What’s the last thing anybody wants to do after their Thanksgiving dinner? Yes, that’s right - move. That’s the real paradox of Thanksgiving – it’s a brief holiday that causes an immense traffic snarl-up across the country, all so millions of people can rush home, overindulge more than usual, and then turn right around and rush back wherever they’d come from, in spite of the fact that their digestive systems want them to spend the intervening weeks before Christmas sleeping.
My Thanksgiving this year is even more abrupt than the average Thanksgiving, because the University of Oregon has helpfully scheduled a football game for Friday, November 26th. Thanksgiving and football are both completely awesome, uniquely American traditions, but I’m not looking forward to being physically present at both of them in the space of 24 hours.
The new University of Oregon athletic director, Rob Mullens, received some criticism from fans for making gameday the day after Thanksgiving. His response was, “You can have the game be whenever you want, if you give us $600,000,” referring to whatever broadcast contract they’d worked out with ESPN.
And to that I say, fuck you, Rob Mullens! You have plenty of call to get snippy with people at other times of the year, but when you’ve scheduled a major event that requires thousands of athletic employees, security guards, janitors, cooks, policemen, and band members to cut their holiday short, some greater degree of apology is in order, whether you actually mean it or not.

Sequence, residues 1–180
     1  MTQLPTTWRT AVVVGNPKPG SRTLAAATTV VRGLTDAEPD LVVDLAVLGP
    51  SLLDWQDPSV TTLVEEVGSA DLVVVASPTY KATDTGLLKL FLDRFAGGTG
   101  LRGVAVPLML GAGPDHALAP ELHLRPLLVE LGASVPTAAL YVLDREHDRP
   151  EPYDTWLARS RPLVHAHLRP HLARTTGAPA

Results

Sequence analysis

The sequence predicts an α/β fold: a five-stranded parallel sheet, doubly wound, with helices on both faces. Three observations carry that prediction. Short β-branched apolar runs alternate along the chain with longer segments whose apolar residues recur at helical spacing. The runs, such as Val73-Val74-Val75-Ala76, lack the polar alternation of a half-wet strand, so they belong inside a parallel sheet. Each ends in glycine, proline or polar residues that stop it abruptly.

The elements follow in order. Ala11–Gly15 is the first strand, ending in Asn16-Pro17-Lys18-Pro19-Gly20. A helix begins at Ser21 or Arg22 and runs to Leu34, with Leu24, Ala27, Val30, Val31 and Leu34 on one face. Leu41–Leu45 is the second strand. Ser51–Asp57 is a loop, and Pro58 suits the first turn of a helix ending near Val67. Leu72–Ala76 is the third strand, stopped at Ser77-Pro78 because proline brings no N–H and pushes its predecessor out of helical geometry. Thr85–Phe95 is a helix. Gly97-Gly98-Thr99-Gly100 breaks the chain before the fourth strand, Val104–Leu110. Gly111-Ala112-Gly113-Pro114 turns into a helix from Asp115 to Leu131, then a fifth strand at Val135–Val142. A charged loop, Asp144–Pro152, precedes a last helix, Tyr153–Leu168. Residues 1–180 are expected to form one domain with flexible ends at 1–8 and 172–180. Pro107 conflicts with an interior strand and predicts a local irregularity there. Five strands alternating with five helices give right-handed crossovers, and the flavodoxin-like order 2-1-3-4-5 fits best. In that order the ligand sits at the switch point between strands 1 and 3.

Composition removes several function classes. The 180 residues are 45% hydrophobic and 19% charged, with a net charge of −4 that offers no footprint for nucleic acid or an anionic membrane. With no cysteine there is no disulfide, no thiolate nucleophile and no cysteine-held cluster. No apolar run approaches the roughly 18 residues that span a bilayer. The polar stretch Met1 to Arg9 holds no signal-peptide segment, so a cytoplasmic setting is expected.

Don’t get me wrong – I love Duck football. I love it just slightly less than I love Christina Hendricks, mostly in that I don’t want to see Duck football naked.*
*Yes, I am well aware that the Duck football experience includes the Oregon cheerleaders, who I would like to see naked, but if my seeing them naked required me to see everyone else involved in the Duck football experience naked (LaMichael James, Chip Kelly, toothless Crowd Management Services people from Springfield, the rest of the trumpet section), I would probably opt not to. I’m sure the Oregon cheerleaders would look spectacular naked, but if I had to also look at an entire stadium full of naked people in order to see them naked, it would ruin nudity for me altogether.**
**Incidentally, if any of the Oregon cheerleaders are reading this and are interested in working out some sort of more favorable nudity arrangement, don’t hesitate. Male cheerleaders need not apply.
I’m leaving home tomorrow, shortly after dinner, so that I can ride back down to Eugene with other band friends and get a good night’s sleep before the game, which, in true late November fashion, will be colder than Hoth, only with no warm Tauntauns to crawl inside.
I’ve been telling everyone who will listen that I’m praying for a freak blizzard/ice storm/zombie apocalypse to strike Oregon on Thanksgiving, anything to close down I-5 and give me a legitimate reason to throw up my hands, shrug, and say, “Oh well – guess I can’t make it to that there football game!” Some of my friends who are seniors have shaken their heads, saying, “No way, man; that’s our last home game. No way I’d miss that.”